Do you agree with Robin Miller that a merger is necessary for long-term survival or is it not necessary or is it flatly impossible?
DERRICK WALKER: The million dollar question. I think if you look at open-wheel racing in America, it would certainly be a lot better off if there was only one series and we all concentrated our efforts on one series. However, the chances of that happening are probably slim to none unless one of the series takes a dive and doesn't recover. I don't see that.
We've had many, many meetings that have never been reported by Robin Miller with the Indianapolis Motor Speedway to try and find a way to resolve the future of open-wheel racing to everybody's gain.
It's not that the speedway is so anti-CART or anti-doing an amalgamation. It's just there's been so many complicated issues to pull together to satisfy everybody's needs to actually make it happen. It is that complicated that it never happened.
I think we're resolved for the foreseeable future to just get on and make it work as best we can. Probably with some work on the part of both series to try and coexist as opposed to go against, head to head, each other, we could probably successfully do that.
At the end of the day, maybe you the fans are the winner of the contest. When all is said and done, you get a lot more racing. And that's unfortunately how it's going to be for a while, but it would be better if we were all together. But I don't see the mechanism for that to happen at the moment.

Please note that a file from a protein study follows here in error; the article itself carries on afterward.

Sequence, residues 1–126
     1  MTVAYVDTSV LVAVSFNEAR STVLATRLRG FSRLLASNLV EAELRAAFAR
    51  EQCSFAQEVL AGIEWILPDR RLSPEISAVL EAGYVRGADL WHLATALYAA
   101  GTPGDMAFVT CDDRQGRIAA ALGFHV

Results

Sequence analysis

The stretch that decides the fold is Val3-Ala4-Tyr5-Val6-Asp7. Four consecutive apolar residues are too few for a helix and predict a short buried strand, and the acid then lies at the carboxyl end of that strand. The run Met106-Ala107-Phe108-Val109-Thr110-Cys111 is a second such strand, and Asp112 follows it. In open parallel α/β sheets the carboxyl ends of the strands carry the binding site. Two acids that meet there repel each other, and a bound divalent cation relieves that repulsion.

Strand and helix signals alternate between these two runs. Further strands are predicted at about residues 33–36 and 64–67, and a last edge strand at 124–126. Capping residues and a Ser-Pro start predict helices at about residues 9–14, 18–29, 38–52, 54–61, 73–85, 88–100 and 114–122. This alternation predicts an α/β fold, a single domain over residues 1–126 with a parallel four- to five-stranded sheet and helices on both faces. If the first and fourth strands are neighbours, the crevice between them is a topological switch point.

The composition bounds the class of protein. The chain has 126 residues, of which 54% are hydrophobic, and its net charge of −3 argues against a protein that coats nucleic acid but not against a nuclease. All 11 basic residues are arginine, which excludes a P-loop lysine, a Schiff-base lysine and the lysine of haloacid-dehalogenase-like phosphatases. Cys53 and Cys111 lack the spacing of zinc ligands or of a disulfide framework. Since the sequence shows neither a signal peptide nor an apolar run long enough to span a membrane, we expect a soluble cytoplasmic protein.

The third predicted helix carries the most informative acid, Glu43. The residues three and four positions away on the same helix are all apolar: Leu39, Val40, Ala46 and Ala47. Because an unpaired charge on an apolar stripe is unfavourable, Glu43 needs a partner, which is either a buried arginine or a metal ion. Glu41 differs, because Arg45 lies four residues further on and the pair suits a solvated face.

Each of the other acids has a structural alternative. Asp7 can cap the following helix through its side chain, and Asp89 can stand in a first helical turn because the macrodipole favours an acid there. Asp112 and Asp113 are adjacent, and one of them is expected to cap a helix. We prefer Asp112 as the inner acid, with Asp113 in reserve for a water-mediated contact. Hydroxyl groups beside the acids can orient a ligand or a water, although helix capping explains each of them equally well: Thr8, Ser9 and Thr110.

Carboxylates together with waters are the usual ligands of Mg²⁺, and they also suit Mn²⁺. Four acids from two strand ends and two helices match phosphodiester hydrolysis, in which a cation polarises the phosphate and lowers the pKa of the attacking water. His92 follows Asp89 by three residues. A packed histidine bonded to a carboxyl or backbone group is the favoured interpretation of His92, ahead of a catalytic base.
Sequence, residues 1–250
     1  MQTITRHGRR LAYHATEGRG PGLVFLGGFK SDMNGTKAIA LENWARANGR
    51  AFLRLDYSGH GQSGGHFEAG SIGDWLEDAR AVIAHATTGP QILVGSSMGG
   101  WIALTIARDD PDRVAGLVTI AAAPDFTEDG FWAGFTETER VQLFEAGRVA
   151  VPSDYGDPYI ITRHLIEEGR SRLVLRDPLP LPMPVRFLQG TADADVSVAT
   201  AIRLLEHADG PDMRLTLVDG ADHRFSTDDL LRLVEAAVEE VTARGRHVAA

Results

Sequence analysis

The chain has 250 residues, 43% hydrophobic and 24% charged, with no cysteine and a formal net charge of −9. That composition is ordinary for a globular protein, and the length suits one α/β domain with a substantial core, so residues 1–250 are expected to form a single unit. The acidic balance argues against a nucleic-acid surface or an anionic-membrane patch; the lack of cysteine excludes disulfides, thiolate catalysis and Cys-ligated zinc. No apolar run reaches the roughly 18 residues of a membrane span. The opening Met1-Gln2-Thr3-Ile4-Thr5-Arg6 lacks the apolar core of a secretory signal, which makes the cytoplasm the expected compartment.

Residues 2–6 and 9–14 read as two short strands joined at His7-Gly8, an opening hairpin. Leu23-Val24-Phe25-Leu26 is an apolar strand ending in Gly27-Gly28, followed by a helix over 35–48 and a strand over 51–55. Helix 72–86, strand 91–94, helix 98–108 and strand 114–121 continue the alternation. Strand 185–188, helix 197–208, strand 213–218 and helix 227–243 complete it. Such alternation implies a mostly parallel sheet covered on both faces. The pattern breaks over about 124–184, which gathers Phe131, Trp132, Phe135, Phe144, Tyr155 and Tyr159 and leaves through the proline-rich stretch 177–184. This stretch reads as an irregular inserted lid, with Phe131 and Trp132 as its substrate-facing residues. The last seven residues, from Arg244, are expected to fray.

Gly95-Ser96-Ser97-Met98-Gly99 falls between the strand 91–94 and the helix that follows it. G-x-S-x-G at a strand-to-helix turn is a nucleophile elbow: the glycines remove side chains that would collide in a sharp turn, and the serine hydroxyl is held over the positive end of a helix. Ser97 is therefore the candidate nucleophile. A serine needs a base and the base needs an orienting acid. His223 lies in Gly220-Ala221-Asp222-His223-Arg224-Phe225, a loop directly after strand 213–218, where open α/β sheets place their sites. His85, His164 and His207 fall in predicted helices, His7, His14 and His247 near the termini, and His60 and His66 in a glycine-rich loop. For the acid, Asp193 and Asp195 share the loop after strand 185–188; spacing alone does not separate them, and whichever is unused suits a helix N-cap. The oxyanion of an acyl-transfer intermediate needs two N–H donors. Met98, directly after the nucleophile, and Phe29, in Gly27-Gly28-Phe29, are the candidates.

Q: Thank you, John. Special thanks to Chris Pook for fighting off the Evil Empire of Tony George. Heard a lot of complaints lately during qualifying, drivers being held up by cars either on their in or out laps, holding them up, messing up their fast lap.
CALVIN FISH: Did Paul Tracy's name ever come up in any of this?
Q: I was thinking of Carpentier. But Paul's name came up, too. Can CART do anything about that?
JOHN LOPES: I think it would be Sebastien.
SEBASTIEN BOURDAIS: We had a long discussion in the last racing briefing before the race in Toronto. Actually it came up that they were going to issue a rule to try to avoid blocking during qualifying session.
Obviously, I do think that in the street course a single-car qualifying would be better because basically everybody's trying to make a lap, every single corner is blind. Even if you don't want to block someone, sometimes it happens because you slow down, you try to make your gap, and suddenly somebody arrive in your back and it's too late.
It's a very, very difficult point. I think it always happened, and it will always be like that. But for sure, some drivers don't help, that's sure.
CALVIN FISH: John, are you looking at different ways of achieving that next year and beyond? We have Scott Roembke in the group from Team Rahal. He shared an idea with me at dinner the other night, creating a super five at the end, giving them a burnout at the end, where the guys have to qualify in the top five or ten, then have a one-lap shootout, each guy having a clear lap at the end. Have you looked at other ideas?